Minnesota Fisher Den Box Project

The Minnesota Fisher Den Box Project is focused on evaluating an emerging habitat management tool to address the declining MN fisher population. 


Fishers are obligate tree cavity users, meaning that they strictly only use tree cavities for their dens. They use cavities in both living and dead trees, and these dens serve as rest sites, but most importantly, are where female fishers give birth and raise their young. Young fishers,  which are called kits, depend on the shelter and protection that cavities provide until they are old enough to disperse and live on their own. The cavities that female fishers use for den sites are unique in that the openings are only large enough to allow the female to enter the den, while preventing larger males from getting inside and harming the kits.

The fisher population in MN has experienced nearly a 50% decline over the last two decades.  Research conducted by the Minnesota Department of Natural Resources determined that there are fewer mature trees and cavities now on the landscape, which is an issue that may be contributing to the observed decline in the fisher population due to there being less suitable habitat. As the largest MN mammal that depends on tree cavities, fishers require sizable cavities which are typically only found in the largest 2-3% of trees on the landscape. Large enough cavities can take a considerable amount of time to develop. For example, previous research has shown that it can take 80 - 100+ years for appropriate cavities to form in quaking aspen, a common tree species in MN. However, typical harvest rotations of MN forests are largely not long enough to allow for cavity formation in mature trees. This results in there being fewer den sites on the landscape, and an overall reduction in habitat quality.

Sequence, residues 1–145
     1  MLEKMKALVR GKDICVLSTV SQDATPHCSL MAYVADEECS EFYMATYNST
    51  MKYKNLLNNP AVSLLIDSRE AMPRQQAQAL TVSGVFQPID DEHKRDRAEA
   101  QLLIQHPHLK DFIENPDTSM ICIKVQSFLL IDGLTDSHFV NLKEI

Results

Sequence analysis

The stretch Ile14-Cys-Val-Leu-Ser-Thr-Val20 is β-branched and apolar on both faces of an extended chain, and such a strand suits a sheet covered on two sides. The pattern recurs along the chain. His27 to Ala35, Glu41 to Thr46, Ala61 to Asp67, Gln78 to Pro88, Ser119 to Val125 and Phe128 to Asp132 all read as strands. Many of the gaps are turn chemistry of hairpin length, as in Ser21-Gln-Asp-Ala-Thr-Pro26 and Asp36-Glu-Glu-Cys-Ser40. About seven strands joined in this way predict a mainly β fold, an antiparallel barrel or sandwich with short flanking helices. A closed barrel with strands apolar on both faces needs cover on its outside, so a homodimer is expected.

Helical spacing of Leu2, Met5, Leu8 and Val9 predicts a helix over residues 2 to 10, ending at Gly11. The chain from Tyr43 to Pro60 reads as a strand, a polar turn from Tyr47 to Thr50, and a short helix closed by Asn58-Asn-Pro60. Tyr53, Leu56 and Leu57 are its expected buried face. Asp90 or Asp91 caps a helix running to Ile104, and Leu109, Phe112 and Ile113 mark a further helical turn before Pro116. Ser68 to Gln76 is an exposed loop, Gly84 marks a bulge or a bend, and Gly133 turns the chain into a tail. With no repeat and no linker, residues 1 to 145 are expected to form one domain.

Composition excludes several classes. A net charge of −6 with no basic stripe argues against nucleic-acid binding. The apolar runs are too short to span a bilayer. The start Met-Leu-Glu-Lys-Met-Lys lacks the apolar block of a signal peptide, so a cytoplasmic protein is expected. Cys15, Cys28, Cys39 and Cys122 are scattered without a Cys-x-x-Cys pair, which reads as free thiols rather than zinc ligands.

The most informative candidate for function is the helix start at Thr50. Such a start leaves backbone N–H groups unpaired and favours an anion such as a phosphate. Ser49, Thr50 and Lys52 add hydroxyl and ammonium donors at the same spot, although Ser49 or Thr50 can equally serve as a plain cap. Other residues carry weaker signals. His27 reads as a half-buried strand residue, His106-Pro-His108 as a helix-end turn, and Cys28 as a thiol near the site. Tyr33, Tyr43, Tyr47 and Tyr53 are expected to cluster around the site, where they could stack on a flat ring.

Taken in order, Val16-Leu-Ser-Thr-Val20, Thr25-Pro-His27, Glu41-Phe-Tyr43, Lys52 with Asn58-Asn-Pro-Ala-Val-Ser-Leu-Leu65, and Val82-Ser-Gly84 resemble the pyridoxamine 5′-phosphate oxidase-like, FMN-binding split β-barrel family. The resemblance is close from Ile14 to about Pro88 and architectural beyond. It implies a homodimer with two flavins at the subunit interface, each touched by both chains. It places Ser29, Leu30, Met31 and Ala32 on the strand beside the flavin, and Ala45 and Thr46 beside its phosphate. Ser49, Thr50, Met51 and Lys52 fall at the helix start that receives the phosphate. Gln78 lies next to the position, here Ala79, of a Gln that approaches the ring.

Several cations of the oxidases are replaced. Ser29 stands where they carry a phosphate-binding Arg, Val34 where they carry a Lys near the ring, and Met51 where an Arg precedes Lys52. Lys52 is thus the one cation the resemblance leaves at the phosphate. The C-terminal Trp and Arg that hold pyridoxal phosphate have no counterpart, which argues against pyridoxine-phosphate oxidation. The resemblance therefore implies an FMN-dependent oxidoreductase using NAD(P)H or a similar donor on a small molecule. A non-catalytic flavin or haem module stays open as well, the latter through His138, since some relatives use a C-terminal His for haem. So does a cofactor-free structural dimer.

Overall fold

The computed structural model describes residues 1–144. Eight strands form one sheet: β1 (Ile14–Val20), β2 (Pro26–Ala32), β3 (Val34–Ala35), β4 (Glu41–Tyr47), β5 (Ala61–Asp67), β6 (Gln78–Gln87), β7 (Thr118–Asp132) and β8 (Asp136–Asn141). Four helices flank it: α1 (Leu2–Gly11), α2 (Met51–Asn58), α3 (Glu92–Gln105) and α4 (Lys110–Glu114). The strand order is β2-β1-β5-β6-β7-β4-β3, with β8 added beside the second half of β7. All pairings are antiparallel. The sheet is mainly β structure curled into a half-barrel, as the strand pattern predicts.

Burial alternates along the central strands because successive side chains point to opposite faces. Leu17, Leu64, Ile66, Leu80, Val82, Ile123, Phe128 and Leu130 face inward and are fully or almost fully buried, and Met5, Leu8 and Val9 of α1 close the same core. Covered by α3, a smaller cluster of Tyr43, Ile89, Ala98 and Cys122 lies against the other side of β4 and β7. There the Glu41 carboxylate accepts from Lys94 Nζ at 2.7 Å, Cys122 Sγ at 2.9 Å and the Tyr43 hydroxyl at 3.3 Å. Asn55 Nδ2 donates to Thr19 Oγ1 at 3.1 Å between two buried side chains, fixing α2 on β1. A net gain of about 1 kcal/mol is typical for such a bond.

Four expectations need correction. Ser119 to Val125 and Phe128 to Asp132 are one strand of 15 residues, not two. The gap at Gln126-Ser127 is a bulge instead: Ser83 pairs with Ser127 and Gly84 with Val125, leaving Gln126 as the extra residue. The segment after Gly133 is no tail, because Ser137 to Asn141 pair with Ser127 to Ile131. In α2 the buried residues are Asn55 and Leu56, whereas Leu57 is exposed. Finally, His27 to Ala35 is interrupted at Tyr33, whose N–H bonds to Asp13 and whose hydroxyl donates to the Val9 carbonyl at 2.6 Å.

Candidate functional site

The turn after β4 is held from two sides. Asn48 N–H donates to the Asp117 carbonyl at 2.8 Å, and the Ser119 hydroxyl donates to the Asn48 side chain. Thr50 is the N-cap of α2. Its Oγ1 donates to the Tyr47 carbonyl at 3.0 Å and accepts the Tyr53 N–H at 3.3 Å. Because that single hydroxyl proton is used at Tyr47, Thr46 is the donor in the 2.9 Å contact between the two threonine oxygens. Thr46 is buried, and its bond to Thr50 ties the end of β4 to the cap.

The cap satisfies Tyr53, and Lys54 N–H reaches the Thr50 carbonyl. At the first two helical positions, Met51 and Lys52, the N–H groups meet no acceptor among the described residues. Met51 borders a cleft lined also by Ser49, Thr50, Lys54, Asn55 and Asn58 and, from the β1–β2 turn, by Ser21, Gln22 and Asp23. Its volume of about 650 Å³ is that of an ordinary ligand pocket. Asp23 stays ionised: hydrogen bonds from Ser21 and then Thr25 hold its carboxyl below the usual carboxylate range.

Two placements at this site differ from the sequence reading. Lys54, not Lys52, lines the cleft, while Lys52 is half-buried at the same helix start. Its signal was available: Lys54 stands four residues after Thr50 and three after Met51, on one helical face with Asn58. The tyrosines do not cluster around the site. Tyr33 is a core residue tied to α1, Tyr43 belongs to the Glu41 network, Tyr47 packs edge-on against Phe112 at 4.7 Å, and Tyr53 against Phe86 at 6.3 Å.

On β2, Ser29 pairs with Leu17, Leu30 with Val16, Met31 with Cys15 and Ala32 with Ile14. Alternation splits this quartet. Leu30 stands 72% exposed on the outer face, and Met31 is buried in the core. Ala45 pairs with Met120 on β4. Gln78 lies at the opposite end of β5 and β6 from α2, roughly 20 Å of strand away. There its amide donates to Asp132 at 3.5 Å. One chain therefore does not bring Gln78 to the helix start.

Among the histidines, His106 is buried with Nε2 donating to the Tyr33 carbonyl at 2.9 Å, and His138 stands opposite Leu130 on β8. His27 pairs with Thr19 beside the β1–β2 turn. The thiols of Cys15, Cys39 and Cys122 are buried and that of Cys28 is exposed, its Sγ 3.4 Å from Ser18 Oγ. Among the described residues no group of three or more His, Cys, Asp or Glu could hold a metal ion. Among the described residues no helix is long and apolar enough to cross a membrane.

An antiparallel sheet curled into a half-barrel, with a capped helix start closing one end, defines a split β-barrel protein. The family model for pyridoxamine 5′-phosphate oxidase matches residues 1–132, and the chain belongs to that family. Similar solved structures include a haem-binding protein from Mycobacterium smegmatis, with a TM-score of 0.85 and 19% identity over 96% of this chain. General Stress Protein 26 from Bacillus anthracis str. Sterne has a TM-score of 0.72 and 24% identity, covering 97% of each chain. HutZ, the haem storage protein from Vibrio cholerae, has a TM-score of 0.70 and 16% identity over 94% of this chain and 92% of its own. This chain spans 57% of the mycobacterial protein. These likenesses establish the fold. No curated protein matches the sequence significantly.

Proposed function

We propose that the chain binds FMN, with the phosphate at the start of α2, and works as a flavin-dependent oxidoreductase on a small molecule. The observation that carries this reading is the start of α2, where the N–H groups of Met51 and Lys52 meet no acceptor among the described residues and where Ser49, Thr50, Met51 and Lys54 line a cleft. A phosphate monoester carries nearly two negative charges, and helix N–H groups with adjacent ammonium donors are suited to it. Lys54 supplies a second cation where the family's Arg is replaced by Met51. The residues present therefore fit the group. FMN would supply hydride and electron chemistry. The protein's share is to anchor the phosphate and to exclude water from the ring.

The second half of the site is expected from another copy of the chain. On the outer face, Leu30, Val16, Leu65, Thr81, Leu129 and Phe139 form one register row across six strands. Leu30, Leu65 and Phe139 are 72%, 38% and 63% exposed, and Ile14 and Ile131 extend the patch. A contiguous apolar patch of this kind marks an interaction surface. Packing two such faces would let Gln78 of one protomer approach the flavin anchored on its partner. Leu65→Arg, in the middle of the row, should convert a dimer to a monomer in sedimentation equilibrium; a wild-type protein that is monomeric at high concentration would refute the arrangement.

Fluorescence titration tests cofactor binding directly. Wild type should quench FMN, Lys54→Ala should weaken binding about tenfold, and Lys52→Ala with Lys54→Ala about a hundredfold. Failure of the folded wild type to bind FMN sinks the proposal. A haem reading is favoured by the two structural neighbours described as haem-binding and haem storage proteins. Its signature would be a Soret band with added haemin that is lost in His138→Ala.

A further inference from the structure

Our project idea is based on previous examples of fisher using artificial structures for rest and den sites. The fisher is a threatened species in the western United States and Canada, and faces similar issues of reduced cavity availability like in MN. A similar project that employed man-made den boxes in British Columbia was successful in attracting fishers to 50% of their deployed den boxes.  The British Columbia den box project has observed success with this approach of providing alternative den habitat to support fisher reproduction, and we hope for similar results here in MN. There have also been observations of fisher using man-made wood duck boxes as rest and den sites in MN, further suggesting that fisher may shift to other cavity-like structures when limited by poor habitat. 


  1. Build and install at least 80 artificial den boxes in Minnesota.
  2. Monitor visitation and use of den boxes by fishers and other wildlife.
  3. Determine what factors influence use of den boxes by fishers.
  4. Develop guidelines and best management practices for use of artificial den boxes for fishers, including an understanding of how thermal properties of den boxes compare to natural tree cavities. 
  5. Identify areas with low habitat suitability as potential sites for future fisher habitat management.


We built the artificial den boxes at the Natural Resources Research Institute (NRRI) with support of NRRI staff and facilities. Each box was assembled using a double layer of plywood containing foam insulation. Den boxes were coated with exterior-grade deck stain to maximize their durability and lifespan outdoors. (Please see the "Den Box Info" tab for specific details of box construction and building plans). We deployed den boxes at sites near Remer and Hoyt Lakes, MN. Sites were chosen based on forest age and cover type. We put boxes in habitats considered to be "good" and "moderate" for fishers; to better understand how habitat is influencing fisher presence. We assigned sites randomly within specific cover types and habitat qualities to avoid bias in where we placed boxes. 

Each den box has been monitored using a remote camera that captures photographs of fishers and other wildlife species that visit and use the box. We analyze these photos to quantify what species are present at boxes, how individuals are using the boxes (e.g., examining the box or nesting inside), and when boxes are being visited. This data will further our understanding of how and where to place future den boxes and artificial structures for fishers and potentially other MN forest species. 

Project Partners


Associated Labs